I’m still hopeful that future generations will see this decade as the swansong of reactionary populism/religious neoconservativism. It can’t handle the demographic for one thing-its supporters are heavily skewed to older age groups. I suspect that this revival will be seen in future as a blip, as insignificant in the long run as the “Catholic revival” of the late 19th century.

  7. Broga says:

    andym: There is also an expensive religious propaganda pushed by the BBC, government, newspapers and TV all of which pretend that the UK is overwhelmingly Christian. They also push the “the foundation of all that is best lies in our Christian values” which even a cursory examination exposes as untrue.

    And with the Vicar’s Daughter in No 10, despite the shambles over which she presides, the outrage of support for faith schools continues.

  8. RussellW says:

    Those Christian ignoramuses wouldn’t have the faintest idea of the significance of the looted items that they bought either. The antiquities would nave gathered dust in their ‘museum’ and been lost to science.

  9. Robster says:

    Referring to the current model pope as “Frankie” is a wee bit disrespectful. Perhaps in a nod to the fact that the pope deserves at least a veneer of respect, he should perhaps be referred to as Frank, the pope. Perchance.

  10. andym says:

    @ Broga. You’re right that the situation is more nuanced in the UK. The C of E in particular seem to have seen which way is blowing and are talking about Christian “values” and “heritage” much more than they do the sky fairy crap . I’ve not done any research, but it seems to me that the story of Jesus is portrayed less as supernatural and more used as a role model.

    It’s not much more plausible but it will take more time for people to see that i/ none of the values they promote are particular to Christianity ii/ most of what they now embrace was opposed, often for centuries , by their predecessors.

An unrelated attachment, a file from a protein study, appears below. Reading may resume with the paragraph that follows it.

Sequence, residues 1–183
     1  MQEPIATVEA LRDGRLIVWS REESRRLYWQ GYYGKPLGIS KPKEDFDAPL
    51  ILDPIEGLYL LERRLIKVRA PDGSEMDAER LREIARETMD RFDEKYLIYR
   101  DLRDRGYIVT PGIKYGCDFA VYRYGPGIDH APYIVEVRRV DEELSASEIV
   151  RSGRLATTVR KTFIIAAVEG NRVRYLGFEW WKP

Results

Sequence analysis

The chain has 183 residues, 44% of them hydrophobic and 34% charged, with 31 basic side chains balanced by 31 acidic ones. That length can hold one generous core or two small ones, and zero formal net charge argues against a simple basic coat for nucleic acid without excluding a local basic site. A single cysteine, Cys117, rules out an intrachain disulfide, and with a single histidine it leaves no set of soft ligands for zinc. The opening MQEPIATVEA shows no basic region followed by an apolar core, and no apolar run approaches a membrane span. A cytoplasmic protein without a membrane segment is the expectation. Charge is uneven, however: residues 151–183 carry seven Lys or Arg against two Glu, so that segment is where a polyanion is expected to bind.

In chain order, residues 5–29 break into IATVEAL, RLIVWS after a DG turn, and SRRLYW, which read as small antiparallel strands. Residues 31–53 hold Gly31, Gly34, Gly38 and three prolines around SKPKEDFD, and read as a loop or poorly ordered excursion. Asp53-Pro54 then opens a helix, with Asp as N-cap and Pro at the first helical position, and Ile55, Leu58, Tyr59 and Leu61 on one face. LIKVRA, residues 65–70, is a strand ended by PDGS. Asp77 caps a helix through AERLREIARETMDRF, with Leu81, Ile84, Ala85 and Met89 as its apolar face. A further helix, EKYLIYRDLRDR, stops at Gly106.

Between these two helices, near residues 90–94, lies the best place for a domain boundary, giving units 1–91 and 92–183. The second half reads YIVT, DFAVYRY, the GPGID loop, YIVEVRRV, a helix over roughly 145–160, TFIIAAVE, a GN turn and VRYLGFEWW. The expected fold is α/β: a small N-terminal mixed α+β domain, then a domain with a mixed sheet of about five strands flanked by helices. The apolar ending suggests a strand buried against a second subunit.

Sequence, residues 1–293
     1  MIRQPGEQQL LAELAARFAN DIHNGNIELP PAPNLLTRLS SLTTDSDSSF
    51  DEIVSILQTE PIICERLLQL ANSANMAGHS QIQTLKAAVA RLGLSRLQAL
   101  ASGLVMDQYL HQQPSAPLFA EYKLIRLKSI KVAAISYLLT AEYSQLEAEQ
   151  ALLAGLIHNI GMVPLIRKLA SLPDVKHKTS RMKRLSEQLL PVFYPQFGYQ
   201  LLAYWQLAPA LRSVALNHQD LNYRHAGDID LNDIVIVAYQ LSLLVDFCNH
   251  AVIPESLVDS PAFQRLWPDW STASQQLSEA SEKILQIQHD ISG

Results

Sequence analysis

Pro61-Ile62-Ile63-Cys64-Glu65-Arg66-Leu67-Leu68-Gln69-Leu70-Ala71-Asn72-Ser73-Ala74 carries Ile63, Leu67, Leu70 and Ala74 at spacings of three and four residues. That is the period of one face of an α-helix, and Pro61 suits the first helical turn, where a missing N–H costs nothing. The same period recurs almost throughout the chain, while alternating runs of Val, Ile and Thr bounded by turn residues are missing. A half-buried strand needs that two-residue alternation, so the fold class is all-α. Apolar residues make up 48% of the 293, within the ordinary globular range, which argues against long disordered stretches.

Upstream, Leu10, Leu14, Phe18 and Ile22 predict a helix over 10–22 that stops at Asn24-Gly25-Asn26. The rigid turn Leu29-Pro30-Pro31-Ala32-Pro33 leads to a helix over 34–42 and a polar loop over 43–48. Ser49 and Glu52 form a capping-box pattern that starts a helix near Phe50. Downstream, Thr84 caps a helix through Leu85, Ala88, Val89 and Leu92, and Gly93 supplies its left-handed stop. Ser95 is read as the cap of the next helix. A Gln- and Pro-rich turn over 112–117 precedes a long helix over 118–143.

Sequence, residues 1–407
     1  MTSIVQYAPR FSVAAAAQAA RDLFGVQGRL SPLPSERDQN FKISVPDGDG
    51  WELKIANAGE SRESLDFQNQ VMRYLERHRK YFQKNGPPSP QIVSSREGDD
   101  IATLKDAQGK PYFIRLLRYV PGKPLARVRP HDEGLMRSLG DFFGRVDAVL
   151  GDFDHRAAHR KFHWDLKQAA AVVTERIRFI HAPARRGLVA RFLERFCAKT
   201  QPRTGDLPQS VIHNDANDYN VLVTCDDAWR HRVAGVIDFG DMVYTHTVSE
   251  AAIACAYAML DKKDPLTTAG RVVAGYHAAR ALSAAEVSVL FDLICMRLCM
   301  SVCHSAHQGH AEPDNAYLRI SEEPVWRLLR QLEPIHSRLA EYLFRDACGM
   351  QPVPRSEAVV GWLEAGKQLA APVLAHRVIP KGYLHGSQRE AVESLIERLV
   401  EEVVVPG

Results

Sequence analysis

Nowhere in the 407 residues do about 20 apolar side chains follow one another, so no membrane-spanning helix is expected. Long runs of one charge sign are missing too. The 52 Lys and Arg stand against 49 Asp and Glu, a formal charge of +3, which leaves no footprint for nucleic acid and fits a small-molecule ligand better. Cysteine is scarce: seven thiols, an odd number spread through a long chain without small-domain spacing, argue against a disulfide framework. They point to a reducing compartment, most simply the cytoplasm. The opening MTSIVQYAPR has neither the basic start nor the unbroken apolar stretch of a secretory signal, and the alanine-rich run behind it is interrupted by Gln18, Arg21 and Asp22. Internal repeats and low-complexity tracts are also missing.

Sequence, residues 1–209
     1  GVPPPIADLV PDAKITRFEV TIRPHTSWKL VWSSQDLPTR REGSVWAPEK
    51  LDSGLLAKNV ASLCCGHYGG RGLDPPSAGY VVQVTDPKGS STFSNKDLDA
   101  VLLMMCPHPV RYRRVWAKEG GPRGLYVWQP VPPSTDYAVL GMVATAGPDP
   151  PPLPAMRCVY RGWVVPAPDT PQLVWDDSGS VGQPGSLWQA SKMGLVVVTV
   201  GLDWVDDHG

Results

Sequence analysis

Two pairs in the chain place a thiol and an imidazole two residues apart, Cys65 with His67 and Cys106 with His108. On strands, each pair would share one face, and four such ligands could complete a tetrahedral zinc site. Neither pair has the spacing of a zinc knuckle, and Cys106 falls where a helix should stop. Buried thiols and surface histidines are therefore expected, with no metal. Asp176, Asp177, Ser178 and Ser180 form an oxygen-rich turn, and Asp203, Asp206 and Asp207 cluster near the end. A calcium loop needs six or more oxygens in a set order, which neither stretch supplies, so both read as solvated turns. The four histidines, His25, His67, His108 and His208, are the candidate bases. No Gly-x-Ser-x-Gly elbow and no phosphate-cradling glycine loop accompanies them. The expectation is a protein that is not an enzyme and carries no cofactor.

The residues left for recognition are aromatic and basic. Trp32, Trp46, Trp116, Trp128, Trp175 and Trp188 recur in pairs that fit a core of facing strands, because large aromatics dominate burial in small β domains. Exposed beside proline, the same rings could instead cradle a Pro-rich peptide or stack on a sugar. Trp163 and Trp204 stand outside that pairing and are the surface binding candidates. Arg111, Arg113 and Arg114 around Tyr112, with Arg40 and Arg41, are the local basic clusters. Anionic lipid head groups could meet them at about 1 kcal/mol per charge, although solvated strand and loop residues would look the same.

11. AgentCormac says:

    @ andym

    I think you’re spot on about the changing survival strategy of the CofE – dial down the fire and brimstone, dial up the ‘cornerstone of British culture/society/values’. God has almost become irrelevant. In fact Justin Welby himself has publicly stated his doubts about the existence of a bearded old man in the sky.

    https://www.theguardian.com/uk-news/2014/sep/18/archbishop-canterbury-doubt-god-existence-welby

  12. Ben says:

    One day even the most redneck, pick up drivin’, burger chompin’, budweiser swillin’, lard arsed, levi burstin’,swaggerin’, gun totin’ good ole boy mercan will realise the wisdom of Separation of Church and State. But by then it will be too late. Sorry but the USA is in a very bad place and as far as I can see its getting worse. Mind you, could there be any worse president than Trump? Could there be a worse candidate waiting somewhere … waiting for the moneymen to back him for the presidency? The answer is of course yes and its almost a certainty that such a candidate will be elected because of the power of those who really run the USA. People who make the Greens look poor and heretical.

  13. Broga says:

    andym: The C.of E. and the RC Church have long had a more subtle and complex strategy for the intelligent and well educated. I remember a Christian friend, in my college days, telling me about Teilhard de Chardin and pointing out that he was an eminent scientist. His concluding point was “So you know better than a world renowned scientist” – or words to that effect.

    By then I was well into The Freethinker, David Tribe (he was a revelation to me), Bertrand Russell and many others. When I got round to reading Teilhard de Chardin I thought there was a lot that just didn’t stack up and seemed like obfuscation.